Regarding the press conference:
The language of delivery was Luganda. That was an impressive strategy. We are told that we are not Ugandan. That homosexuality is not Ugandan. And as the kuchus of Uganda claimed their birthright, they did it in the mother tongue of a number of them. It was impressive. The word 'abasiyazi' is like a curse word at the moment. It means homosexual in Luganda/Lusoga. And they used it, bravely, repeatedly, making sure that they were not hiding in semantics. I winced the first few times. It was shocking to my socialised self. I have grown up as a product of my culture. But soon it grew normal to my ears.Read it all here.
In his latest posts, GayUganda has shared his thoughts and feelings following in the wake of the recent events:
All kuchu, all apprehensive at the debate occurring in the country. We all agreed that the debate was necessary. But Kagaba was not staying at his home. And we were not comfortable in our beds. But the silver lining on the cloud, the gold heart of it all, is the fact that my dad knows, and has known for some time that I am homosexual. He had not said anything about it to me, but he felt it necessary to come warn me about possible police arrest. Sweet. Time soon to find out how thick blood is. I love my family!!!!!!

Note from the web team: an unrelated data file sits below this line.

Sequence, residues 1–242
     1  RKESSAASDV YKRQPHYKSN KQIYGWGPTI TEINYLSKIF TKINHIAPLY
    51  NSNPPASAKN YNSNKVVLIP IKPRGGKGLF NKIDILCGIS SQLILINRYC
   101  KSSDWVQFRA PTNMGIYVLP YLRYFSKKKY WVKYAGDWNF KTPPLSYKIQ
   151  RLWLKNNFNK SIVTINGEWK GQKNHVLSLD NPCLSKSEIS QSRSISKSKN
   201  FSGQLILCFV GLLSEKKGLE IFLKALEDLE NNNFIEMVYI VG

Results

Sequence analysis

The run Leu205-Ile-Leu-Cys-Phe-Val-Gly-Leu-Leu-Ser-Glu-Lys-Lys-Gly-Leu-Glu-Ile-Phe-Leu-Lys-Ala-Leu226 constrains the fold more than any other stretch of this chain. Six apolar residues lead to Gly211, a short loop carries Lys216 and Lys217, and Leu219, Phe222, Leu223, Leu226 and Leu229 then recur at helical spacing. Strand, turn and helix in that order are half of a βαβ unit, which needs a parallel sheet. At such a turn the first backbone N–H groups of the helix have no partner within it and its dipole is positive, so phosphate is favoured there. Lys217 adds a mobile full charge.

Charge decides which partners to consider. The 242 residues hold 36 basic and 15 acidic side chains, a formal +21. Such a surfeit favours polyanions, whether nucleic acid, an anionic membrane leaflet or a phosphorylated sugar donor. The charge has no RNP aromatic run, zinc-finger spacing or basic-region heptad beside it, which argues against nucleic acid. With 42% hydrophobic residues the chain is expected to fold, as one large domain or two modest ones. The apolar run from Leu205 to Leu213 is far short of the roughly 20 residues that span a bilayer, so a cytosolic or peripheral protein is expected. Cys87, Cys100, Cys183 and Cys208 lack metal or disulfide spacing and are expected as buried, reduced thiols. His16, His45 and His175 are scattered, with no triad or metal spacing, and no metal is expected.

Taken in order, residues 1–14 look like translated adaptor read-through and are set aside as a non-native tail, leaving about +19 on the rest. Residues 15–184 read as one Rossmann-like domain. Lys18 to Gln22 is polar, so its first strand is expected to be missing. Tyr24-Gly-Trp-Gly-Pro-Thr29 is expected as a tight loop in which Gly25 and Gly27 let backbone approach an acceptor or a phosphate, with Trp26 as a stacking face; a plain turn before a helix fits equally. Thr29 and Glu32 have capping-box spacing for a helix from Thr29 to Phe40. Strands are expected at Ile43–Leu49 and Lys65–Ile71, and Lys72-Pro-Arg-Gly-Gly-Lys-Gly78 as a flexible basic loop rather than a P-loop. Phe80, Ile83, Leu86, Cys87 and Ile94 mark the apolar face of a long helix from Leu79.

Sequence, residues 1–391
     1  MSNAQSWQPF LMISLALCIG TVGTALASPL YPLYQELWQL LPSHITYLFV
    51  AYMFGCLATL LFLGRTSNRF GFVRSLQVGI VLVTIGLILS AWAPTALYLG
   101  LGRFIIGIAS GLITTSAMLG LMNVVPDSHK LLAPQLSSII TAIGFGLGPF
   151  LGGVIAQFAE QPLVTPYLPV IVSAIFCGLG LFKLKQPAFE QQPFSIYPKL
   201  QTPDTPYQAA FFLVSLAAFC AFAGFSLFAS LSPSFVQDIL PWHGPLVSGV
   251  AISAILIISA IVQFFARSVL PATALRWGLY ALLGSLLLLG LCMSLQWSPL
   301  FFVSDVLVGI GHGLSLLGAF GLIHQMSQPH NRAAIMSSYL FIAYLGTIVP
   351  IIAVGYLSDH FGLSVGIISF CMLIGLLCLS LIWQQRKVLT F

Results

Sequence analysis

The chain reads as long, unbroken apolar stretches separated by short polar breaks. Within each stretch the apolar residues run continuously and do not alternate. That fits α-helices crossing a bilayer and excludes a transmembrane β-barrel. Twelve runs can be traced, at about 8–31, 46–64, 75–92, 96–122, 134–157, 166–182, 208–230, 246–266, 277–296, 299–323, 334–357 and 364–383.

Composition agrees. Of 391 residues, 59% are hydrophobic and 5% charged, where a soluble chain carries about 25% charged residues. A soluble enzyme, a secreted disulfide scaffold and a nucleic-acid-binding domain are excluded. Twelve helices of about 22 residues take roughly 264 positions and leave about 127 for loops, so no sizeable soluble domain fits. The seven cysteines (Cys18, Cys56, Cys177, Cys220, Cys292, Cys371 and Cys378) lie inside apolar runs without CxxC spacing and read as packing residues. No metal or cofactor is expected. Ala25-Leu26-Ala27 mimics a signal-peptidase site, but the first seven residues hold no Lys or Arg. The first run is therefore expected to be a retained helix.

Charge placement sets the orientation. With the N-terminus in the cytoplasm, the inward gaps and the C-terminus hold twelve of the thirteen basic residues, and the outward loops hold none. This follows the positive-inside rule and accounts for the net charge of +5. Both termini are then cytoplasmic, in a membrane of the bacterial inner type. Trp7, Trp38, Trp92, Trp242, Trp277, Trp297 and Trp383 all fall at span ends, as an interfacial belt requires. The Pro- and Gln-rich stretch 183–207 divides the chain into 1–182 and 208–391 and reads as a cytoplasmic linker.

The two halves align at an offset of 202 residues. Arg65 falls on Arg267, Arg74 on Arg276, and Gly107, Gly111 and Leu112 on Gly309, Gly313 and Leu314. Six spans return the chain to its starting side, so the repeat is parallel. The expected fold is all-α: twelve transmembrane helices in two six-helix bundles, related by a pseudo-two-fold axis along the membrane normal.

His struggle is my struggle, your struggle, OUR struggle.
You're The Hitchhiker's Guide to the Galaxy!
by Douglas Adams
Considered by many to be one of the funniest people around, you are quite an entertainer. You've also traveled to the far reaches of what you deem possible, often confused and unsure of yourself. Life continues to jostle you around like a marble, but it's shown you so much of the world that you don't care. Wacky adventures continue to lie ahead. Your favorite number is 42.
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